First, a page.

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Bolivia approves constitutional referendum to expand power of indigenous majority

[JURIST] Bolivian voters on Sunday approved a new constitution [text, PDF, in Spanish] that places more power in the hands of the country's indigenous majority. The leftist constitution, which passed by a 59 percent majority, is said by President Evo Morales [official website, BBC profile] himself a member of the indigenous majority, to be the start of the new Bolivia [El Deber report, in Spanish]. The constitution serves to remove traditional colonial elites from power, and to challenge US influence. It also redistributes land [JURIST report], and creates seats in Congress for minority indigenous groups. The new constitution was strongly opposed in the conservative eastern lowlands, a stronghold of European descendants. The residents there complain that it focuses too strongly upon reinstating power to the indigenous majority, and does not address the capitalism of the eastern plains' cattle and soy industries. The adoption of the constitution does not resolve this divide, and opposition leaders indicated they will continue to oppose it [Financial Times report].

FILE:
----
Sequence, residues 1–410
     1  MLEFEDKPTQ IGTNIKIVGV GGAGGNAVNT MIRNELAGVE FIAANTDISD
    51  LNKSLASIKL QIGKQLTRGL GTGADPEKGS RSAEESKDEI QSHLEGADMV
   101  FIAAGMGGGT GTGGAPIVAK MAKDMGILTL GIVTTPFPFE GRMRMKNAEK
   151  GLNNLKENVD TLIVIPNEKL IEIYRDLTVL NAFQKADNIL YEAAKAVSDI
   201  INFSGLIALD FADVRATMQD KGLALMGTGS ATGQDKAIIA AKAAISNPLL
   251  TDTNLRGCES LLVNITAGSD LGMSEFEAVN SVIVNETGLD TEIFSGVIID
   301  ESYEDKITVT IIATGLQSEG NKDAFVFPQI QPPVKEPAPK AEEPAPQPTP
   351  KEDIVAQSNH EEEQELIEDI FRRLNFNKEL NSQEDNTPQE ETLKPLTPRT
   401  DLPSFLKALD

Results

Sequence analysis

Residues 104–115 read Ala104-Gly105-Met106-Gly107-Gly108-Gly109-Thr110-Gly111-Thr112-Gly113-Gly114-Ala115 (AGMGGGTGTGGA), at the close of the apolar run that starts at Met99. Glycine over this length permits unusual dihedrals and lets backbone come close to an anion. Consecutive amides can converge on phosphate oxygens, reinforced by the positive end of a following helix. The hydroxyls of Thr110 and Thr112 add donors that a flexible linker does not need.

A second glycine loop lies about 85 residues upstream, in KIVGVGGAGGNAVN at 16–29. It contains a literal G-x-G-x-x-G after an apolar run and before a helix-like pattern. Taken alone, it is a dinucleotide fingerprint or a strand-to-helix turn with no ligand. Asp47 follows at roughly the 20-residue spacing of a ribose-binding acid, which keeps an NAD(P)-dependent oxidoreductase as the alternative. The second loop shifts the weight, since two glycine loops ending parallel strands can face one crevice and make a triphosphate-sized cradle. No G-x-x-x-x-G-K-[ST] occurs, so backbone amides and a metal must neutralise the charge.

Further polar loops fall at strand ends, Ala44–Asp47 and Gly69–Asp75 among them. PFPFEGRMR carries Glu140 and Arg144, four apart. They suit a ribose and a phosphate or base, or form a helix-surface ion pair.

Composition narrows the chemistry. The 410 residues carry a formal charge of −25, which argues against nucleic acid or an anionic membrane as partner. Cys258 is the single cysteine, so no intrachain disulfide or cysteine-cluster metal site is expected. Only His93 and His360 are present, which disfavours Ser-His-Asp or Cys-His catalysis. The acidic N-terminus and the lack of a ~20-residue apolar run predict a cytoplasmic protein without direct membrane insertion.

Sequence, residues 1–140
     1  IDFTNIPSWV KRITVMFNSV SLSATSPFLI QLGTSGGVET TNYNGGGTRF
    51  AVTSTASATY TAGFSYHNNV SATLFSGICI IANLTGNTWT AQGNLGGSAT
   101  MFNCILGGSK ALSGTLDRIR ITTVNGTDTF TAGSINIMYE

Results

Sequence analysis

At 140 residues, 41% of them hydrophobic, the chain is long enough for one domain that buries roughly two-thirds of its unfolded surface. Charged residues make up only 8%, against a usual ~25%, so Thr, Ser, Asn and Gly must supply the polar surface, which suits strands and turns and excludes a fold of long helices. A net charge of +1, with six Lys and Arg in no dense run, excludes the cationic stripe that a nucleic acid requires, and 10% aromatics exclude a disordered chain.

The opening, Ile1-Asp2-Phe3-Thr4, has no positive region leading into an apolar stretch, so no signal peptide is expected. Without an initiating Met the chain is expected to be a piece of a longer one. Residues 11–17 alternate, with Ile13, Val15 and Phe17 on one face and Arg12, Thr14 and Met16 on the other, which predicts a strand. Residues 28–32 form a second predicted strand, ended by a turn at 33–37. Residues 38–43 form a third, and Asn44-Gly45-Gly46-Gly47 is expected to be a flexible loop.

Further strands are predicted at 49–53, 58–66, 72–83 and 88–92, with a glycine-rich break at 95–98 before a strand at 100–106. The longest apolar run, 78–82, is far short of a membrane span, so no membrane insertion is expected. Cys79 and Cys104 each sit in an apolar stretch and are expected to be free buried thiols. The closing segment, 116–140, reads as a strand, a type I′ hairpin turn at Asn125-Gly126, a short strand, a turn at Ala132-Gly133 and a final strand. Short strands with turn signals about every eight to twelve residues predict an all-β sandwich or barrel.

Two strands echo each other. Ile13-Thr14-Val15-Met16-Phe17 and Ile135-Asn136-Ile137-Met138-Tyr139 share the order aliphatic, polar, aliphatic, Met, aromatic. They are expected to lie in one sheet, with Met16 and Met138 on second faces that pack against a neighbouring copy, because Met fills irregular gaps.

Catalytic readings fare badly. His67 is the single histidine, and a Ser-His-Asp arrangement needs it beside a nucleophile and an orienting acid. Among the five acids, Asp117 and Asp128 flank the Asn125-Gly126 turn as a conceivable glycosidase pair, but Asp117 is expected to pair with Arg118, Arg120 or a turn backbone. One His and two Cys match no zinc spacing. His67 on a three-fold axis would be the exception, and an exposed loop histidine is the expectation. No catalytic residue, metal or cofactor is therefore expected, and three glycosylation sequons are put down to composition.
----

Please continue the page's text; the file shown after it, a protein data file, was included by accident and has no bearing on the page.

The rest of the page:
In October 2008, the Bolivian National Congress ratified [JURIST report] the proposed reforms [JURIST news archive] after Morales agreed not to run for re-election in 2014, setting up the national referendum. In August 2008, Morales won a referendum to continue his presidency, which he personally proposed [JURIST reports] in a bid to legitimize his campaign for the constitutional changes.

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